Globalization can reinforce existing power imbalances between developed and developing countries. Transnational corporations and global financial institutions often have significant influence over economic policies and trade agreements, potentially marginalizing the interests of developing countries. Negotiating fair terms and ensuring a level playing field can be challenging for countries with limited bargaining power.
Globalization can lead to the homogenization of cultures, as dominant cultural influences from developed countries spread globally. This can result in the erosion of traditional cultural practices, languages, and identities, posing challenges to cultural preservation and diversity in developing countries.
Addressing these challenges requires a comprehensive approach that combines domestic policies, international cooperation, and reforms in global governance structures. Developing countries need to prioritize inclusive and sustainable development, strengthen social safety nets, promote good governance, and ensure equitable participation in global economic processes. [203 words]
3] What is globalisation? Why is there an intense debate about globalisation and its consequences? [2021/15m/200w/3b]
The sociologist Giddens defines globalisation as a “decoupling of space and time”, emphasising this with “instantaneous communication, knowledge and culture, which can be shared around the world simultaneously”.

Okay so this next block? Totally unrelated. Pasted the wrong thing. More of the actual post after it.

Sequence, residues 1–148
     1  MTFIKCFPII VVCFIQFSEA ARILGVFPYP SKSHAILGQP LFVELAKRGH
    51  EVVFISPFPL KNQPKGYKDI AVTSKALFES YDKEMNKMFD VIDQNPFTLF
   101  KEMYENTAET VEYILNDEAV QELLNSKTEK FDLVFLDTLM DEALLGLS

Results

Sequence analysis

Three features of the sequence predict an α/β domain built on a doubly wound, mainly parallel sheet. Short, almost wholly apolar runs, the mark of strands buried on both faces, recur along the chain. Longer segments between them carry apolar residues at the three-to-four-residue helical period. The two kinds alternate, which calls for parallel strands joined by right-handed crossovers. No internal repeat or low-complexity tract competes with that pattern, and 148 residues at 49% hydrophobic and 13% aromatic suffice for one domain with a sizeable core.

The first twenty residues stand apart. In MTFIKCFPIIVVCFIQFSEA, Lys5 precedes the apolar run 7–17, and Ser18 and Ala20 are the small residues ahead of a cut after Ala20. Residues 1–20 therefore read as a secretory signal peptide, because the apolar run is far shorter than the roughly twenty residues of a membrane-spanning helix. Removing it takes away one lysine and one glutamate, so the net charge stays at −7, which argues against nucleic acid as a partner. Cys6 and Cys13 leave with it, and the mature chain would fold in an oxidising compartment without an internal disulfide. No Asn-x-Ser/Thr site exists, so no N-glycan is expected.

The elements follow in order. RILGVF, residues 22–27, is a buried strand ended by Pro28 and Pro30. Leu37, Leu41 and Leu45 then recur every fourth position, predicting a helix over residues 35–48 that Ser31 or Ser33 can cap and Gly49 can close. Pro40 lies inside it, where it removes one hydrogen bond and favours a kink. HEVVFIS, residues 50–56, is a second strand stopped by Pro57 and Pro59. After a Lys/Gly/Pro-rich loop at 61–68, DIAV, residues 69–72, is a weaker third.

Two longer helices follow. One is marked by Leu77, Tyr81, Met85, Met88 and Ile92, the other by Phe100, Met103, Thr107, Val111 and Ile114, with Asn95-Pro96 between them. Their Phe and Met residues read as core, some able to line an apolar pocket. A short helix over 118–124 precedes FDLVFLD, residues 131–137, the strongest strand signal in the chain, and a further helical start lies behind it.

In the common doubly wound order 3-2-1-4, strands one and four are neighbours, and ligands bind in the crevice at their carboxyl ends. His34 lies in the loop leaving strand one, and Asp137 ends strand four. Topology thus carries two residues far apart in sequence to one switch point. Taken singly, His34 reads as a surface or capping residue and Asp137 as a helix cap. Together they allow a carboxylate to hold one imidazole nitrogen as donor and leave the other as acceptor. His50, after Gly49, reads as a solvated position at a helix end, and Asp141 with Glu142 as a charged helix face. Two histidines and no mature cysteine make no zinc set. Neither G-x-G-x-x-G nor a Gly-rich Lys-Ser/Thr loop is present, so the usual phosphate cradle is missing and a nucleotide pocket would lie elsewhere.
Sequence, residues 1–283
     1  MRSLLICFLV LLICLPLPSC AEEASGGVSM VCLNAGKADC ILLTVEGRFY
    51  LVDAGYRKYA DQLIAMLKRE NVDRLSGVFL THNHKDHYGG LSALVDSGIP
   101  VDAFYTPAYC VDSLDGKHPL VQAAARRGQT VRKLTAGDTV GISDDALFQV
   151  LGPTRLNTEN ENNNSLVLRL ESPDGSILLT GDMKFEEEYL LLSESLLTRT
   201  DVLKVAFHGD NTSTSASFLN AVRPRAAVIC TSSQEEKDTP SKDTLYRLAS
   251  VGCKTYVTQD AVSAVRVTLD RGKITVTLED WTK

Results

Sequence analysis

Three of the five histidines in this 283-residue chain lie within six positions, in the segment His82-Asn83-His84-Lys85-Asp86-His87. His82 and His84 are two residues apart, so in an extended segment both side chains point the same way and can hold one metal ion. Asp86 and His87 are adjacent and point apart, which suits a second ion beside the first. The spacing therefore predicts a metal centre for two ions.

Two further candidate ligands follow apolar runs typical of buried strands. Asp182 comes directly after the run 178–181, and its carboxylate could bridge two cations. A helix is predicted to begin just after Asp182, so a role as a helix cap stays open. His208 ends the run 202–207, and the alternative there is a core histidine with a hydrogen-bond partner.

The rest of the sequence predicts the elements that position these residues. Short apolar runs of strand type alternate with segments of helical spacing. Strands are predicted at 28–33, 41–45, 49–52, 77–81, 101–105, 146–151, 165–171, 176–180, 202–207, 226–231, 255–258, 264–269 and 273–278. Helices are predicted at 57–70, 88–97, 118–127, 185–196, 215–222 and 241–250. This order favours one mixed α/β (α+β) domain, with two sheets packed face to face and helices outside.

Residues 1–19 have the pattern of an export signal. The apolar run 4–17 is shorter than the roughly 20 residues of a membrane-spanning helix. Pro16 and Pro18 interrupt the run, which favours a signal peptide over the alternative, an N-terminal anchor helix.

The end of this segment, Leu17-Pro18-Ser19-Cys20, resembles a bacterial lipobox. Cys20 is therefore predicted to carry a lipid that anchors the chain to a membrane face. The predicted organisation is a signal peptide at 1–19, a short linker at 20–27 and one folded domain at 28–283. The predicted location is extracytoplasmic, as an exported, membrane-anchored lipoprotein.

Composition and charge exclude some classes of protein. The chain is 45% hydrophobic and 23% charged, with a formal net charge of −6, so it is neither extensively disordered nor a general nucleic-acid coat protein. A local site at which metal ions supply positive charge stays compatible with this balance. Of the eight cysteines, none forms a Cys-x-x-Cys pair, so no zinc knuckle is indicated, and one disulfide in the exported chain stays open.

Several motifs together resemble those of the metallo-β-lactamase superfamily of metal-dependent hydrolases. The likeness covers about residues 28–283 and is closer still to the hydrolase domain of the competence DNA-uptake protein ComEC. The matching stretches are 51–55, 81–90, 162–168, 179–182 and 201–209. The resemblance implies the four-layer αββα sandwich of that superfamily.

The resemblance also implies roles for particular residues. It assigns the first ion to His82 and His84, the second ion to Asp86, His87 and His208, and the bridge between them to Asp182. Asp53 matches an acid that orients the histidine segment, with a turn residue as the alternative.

The first approach towards globalization is that of hyperglobalists. For hyperglobalists, the economy is prior hence with the rise in the importance of MNCs the power of states is declining. The old core-periphery-based international relations are disappearing and a more complex architecture of economic, political and social power is emerging.
Conversely, the ‘sceptics’ scholars give importance to political rather than economic power, they feel that it is not the market that rules, but the state that regulates all economic activity. The forces of globalisation are themselves dependent upon the regulatory power of national governments to make states globalise, and privatise. The sceptics also point out that increased economic activity has led to the “regionalisation” of the world economy and the emergence of three main financial blocs: Europe, North America and Asia-Pacific. The world economy is actually less integrated or less global than earlier, as it stands on more pillars. Instead of cultural homogenisation what we are witnessing is the re-emergence of local identities.
A third, and more balanced view, comes from the who believe that is ‘transforming’ the world and see it as a driving force behind the rapid social, political and economic changes that are reshaping modern societies and world order. In a system, there is no longer a clear distinction between international and domestic, external and internal affairs.